It’s no secret that change can be challenging to organizations as new processes may not seem intuitive and employees may resist it. However, by standardizing operations into repeatable business practices, contractors can empower their teams to work more efficiently and effectively—resulting in higher profitability.
Information technology has been a key driver in helping contractors to increase productivity over the past few decades. Yet construction business owners should realize that a new software program won’t make a business more efficient; it is the combination of the construction management software, people, processes, and training that will establish standardized, repeatable practices and make the real difference in productive change and a better bottom line.
By implementing the following best practices about managing organizational change, construction companies can more easily implement technology and standardize processes necessary to unleash their full sales and profit potential.
These points of advice present the value of an owner’s commitment to change, the purpose of key influencers, the impact of training, how to secure buy-in from team members, and how to reward behavior that supports transformative change.
A business filled with people who are open-minded to adapting new technology and standardizing processes for the betterment of the company will be more likely to achieve success. An essential starting point when streamlining the processes within an organization is helping everyone understand how improvements in one department will help the operations of another department and make the entire organization more successful.
The open-mindedness needs to start at the top! It is often one individual or department that sees the need for a specific process change, making it difficult to make the desired modification across the organization. However, if the owner believes the change is necessary and is committed to making it happen, he/she can influence the entire team, reinforcing the importance for the change and how the outcome will benefit the company as a whole.
The owner’s backing is critical, but so too is the involvement of those most impacted by the new processes. Therefore, when making a major transition, it is important to identify the key stakeholders and involve them in the planning process. Holding roundtables with estimators, project managers, or the finance/accounting team to get their opinions on the strengths and weaknesses of the current practices and what they think would be ideal in the new process and will assist the change management process. These key players will spread the word to colleagues that the modifications are necessary and take more ownership during the process.
Once everyone is on board with the transition to more standardized, repeatable business processes, it is essential that training is conducted for all individuals involved in the new process, from the day-to-day users to senior management. It is critical for senior managers to participate in the training in order to show their commitment and to enable them to better understand how the new processes will flow. Designating user “champions” has also been proven beneficial for new technology implementations. These champions become expert users and can help others learn the technology and use it to its maximum potential.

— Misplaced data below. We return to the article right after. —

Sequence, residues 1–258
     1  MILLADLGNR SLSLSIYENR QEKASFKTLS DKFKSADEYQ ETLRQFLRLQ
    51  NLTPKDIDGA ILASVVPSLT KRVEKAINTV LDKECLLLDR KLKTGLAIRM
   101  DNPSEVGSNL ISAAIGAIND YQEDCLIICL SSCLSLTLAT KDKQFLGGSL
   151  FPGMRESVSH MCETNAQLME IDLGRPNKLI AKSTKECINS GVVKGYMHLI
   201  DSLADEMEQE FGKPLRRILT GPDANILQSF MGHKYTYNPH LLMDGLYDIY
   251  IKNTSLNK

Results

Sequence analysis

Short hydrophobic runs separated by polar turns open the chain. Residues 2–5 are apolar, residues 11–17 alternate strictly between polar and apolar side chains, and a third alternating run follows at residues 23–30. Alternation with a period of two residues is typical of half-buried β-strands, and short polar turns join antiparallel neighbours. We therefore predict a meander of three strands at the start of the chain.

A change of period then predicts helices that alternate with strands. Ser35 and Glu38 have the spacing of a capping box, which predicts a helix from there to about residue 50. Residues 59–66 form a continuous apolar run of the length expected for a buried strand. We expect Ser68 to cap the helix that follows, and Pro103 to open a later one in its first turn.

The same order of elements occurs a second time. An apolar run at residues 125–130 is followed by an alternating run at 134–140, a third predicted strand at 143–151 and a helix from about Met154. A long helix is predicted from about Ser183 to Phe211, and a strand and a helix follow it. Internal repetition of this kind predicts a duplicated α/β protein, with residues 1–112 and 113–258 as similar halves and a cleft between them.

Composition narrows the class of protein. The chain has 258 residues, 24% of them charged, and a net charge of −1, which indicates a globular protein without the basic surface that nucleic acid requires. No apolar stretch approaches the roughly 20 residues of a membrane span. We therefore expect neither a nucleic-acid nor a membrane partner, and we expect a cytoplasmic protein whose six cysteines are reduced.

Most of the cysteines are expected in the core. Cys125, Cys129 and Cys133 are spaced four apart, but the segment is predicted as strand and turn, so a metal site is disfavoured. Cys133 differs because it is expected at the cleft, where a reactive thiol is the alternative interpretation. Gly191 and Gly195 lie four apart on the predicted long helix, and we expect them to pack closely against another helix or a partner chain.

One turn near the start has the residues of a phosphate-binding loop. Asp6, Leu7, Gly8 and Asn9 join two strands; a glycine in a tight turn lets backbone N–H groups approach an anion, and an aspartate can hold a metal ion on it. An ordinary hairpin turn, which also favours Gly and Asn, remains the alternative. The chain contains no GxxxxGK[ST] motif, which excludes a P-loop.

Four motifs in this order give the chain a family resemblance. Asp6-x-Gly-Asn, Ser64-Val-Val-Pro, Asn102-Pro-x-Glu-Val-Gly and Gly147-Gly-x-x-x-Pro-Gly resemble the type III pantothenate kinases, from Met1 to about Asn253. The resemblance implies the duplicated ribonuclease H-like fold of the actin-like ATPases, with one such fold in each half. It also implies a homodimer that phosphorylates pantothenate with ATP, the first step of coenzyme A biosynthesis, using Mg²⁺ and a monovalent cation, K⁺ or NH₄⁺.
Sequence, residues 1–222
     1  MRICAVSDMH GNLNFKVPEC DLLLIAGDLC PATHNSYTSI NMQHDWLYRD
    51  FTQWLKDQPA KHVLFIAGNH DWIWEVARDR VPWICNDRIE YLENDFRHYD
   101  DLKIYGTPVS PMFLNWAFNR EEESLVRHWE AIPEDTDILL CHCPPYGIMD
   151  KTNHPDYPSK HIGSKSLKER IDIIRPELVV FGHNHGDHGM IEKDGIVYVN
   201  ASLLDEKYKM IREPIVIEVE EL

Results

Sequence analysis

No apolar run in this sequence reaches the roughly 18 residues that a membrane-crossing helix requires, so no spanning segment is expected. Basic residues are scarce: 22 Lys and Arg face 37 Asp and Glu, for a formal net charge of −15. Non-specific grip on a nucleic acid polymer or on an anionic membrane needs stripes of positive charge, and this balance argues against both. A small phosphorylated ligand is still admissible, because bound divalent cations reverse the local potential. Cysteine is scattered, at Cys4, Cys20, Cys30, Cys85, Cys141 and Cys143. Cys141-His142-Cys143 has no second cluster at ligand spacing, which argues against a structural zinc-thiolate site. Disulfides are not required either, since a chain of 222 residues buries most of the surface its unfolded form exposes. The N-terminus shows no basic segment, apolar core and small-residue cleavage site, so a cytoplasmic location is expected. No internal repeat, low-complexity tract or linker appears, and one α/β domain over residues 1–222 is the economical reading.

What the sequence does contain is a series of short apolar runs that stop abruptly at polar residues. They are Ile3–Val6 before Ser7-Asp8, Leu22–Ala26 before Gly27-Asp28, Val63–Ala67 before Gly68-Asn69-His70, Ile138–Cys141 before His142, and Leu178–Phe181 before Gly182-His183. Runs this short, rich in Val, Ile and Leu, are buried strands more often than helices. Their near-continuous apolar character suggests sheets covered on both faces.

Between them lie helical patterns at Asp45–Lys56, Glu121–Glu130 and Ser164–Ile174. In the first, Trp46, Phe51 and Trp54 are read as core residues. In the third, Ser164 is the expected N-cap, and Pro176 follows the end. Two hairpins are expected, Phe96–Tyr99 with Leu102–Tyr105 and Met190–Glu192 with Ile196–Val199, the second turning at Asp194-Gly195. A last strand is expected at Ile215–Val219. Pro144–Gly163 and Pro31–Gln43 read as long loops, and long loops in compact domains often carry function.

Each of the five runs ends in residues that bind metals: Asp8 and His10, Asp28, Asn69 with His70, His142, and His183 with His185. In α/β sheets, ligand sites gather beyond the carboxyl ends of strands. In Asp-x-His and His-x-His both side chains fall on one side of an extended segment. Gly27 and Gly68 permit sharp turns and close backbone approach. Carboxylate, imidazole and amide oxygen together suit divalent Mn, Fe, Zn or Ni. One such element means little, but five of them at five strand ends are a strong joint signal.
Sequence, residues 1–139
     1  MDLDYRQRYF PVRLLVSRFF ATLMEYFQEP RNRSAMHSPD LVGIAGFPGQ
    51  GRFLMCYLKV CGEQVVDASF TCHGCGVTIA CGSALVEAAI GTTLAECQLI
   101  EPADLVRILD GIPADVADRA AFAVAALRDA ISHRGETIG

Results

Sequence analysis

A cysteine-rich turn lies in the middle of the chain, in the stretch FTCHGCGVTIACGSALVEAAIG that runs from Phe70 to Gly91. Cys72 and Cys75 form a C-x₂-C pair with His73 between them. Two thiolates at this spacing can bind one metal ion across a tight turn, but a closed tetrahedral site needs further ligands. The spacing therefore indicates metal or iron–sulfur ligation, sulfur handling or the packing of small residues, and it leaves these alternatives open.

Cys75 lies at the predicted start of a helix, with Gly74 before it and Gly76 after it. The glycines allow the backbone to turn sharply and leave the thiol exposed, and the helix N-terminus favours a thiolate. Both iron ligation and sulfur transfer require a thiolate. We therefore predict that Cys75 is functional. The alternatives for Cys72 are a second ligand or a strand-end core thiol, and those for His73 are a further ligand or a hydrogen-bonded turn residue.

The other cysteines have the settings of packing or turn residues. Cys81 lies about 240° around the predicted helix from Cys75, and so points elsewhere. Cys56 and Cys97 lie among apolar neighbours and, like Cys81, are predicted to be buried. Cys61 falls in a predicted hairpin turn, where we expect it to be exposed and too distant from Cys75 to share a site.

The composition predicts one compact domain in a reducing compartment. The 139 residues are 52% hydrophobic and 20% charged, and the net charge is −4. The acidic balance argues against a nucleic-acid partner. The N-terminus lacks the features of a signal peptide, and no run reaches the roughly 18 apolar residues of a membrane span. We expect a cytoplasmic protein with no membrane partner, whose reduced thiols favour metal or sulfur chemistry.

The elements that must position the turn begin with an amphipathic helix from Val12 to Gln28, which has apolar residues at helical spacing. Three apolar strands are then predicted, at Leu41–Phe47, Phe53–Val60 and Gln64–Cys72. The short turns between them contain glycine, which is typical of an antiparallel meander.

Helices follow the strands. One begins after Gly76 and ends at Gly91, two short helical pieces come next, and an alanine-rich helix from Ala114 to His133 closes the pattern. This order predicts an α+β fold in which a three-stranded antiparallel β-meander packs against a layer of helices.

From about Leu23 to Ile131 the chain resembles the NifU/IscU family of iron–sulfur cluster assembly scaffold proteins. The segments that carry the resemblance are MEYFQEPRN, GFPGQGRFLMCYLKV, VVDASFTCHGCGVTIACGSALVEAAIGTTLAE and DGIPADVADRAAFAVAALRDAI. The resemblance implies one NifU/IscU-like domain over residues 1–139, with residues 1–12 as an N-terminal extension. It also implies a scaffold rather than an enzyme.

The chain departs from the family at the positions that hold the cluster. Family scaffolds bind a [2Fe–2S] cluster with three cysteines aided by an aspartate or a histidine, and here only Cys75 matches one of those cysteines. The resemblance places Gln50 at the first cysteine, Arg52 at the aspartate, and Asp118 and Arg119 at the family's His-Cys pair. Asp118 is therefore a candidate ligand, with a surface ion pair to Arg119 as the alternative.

The success or failure of the new technology and standardized processes will depend on the individuals involved in each step and their buy-in to the change and its anticipated results. For estimators and project managers, being able to demonstrate how new technology and processes can provide information visibility that will empower them to perform their jobs easier and better will help motivate them to embrace the transition. If estimators have more information at their fingertips, they will be able to generate more accurate bids and win more jobs. While the ability for project managers to have easy and anywhere access to more detailed information about the progress of their projects will enable them to better manage their projects for optimum profitability.
On the accounting side, there may be more reluctance to process changes as they often have to re-learn tasks and don’t always reap the direct benefits of changes the estimators and project managers can. Although they will benefit from time savings on certain tasks, the visibility of valuable information is more often being transferred from accounting to the other departments. Motivating this group lies in showing them how the standardized, repeatable processes will benefit the company as a whole and how valuable their work is to the organization’s overall success.
Another way to motivate individuals to embrace the transition is to offer them incentives to accept the new processes and change their behaviors. For example, if estimators are able to win multiple bids on subcontracting work, they will more generate work and increase their margins. This is a great opportunity to offer a bonus to the estimators for securing contracts that meet certain criteria. Project managers can also be incentivized, and often are, for managing quality jobs to come in on schedule and on budget. With new standardized processes, there is an increased likelihood to earn more bonuses—and money is a major motivator for most employees.
By following these best practices, contractors will significantly ease the transition to new technology solutions and new standardized, repeatable processes. They will also benefit from operating at a much higher level of efficiency and empowering their teams to reach their highest potential. ■
About The Author:
Martha Nelson, implementation manager at Maxwell Systems, headquartered in King of Prussia, Pennsylvania. She can be reached at or 800.688.8226. For more information on Maxwell Systems, visit
Modern Contractor Solutions, September 2013
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